Sep 13, 2019

John Bolton returns to PACs after leaving White House

Then-national security advisor John Bolton during a meeting on Aug. 29, 2019. Photo: Yuri Oreshkin\TASS via Getty Images

Former national security adviser John Bolton resumed his old job Friday as the head of 2 political action committees and announced $10,000 donations to 5 Republican candidates running in 2020 after President Trump ousted him from the White House earlier this week, according to a press release.

  • Axios' Margaret Talev emails: Without mentioning his concerns about Trump's penchant for meeting with rogue actors, Bolton said the John Bolton PAC and John Bolton Super PAC seek a "dependable U.S. national security policy, resting on constancy and resolve" and an understanding on the threats to the U.S. including from Iran and North Korea.

Details: Bolton said his PACS are supporting:

  • Sen. Tom Cotton (R-Ark.),
  • Sen. Cory Gardner (R-Colo.),
  • Sen. Thom Tillis (R-N.C.),
  • Rep. Adam Kinzinger (R-Ill.)
  • Rep. Lee Zeldin (R-N.Y.).

Go deeper: Bolton's chaotic White House departure

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Scoop: John Bolton to write Trump book, pairs with top agents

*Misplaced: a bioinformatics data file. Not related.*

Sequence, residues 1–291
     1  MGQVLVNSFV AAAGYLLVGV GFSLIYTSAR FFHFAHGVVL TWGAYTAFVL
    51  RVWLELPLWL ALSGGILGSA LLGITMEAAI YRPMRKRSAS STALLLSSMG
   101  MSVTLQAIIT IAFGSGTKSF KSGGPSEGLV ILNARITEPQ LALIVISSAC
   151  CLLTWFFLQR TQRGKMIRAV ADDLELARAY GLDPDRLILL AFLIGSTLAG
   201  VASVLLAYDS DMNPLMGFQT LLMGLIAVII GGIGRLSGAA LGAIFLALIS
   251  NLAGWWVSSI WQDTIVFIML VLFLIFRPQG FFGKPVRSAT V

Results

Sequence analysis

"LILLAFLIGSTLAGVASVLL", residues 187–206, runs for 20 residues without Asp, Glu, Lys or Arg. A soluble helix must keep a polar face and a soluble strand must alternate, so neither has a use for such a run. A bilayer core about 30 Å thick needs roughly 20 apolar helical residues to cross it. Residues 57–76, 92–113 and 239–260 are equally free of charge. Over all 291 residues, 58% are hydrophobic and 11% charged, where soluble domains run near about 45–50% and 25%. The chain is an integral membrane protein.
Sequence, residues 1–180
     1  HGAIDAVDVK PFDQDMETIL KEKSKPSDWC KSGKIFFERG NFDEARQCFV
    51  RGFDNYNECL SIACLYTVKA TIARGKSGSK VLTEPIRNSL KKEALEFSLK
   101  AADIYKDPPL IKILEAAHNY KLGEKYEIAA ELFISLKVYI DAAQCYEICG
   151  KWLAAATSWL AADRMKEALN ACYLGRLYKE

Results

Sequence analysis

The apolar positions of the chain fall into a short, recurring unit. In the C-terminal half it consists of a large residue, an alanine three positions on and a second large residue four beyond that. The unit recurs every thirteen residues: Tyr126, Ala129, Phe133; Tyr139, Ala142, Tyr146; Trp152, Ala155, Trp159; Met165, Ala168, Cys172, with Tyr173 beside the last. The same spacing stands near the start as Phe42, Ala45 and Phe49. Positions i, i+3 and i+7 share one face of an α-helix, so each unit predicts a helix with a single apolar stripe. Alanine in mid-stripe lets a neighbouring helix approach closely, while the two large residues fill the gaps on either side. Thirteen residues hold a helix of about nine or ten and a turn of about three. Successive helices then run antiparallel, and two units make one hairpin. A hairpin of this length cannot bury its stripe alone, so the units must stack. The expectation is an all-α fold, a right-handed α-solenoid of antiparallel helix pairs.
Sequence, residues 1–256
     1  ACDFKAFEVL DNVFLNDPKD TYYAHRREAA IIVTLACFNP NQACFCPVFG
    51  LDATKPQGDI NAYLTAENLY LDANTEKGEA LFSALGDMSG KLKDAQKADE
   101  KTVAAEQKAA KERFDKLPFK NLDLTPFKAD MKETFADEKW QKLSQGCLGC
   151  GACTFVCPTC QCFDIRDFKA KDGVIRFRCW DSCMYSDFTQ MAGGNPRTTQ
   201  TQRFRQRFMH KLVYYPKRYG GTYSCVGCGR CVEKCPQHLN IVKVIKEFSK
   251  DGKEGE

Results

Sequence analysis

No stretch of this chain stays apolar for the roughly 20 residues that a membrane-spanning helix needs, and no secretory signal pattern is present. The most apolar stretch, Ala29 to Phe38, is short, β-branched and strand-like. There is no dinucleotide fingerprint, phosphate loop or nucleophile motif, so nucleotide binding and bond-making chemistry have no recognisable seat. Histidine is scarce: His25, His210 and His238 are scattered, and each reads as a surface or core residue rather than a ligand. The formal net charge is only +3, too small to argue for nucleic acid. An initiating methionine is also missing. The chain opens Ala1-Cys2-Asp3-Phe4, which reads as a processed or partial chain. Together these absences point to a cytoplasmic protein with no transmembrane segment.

Photo: Alex Wong/Getty Images

President Trump's former national security adviser John Bolton has decided to write a book about his time in the Trump administration, according to 2 people familiar with the matter. Bolton has agreed to be represented by Javelin's Matt Latimer and Keith Urbahn.

Why it matters: Given the fact that he wrote a book about his tenure in the George W. Bush administration, from the moment he left the White House, senior officials privately expressed concerns about what Bolton might say and reveal about his time serving Trump.

Go deeperArrowOct 10, 2019

Bolton lashes out at Trump's foreign policy at event: Reports

President Trump and John Bolton at the White House in July. Photo: by Chip Somodevilla/Getty Images

Former national security adviser John Bolton told a Manhattan event Wednesday that negotiations with North Korea and Iran are "doomed to failure" and a plan to invite the Taliban to Camp David ahead of the 9/11 anniversary was "disrespectful," Politico and CNN report.

Why it matters: It was already clear that Bolton had sharp disagreements with Trump during his time at the White House. But his reported comments at the private lunch are remarkable not just because they reveal how bitter Bolton's disputes with Trump were, but also because he seems willing to openly air them just days after leaving the White House.

Go deeperArrowSep 19, 2019

John Bolton suggests Trump's North Korea strategy will never work

John Bolton in Singapore in 2018 for the Trump-Kim summit. Photo: Saul Loeb/AFP/Getty Images

John Bolton made clear Monday just how deeply he disagrees with President Trump's North Korea policy — just 20 days after he was ousted as the president's national security adviser.

Why it matters: Bolton said he was glad to be able to give his views "in unvarnished terms." If he continues to do so on a broader range of topics, Bolton could be one of Trump's most damaging foreign policy critics.

Go deeperArrowSep 30, 2019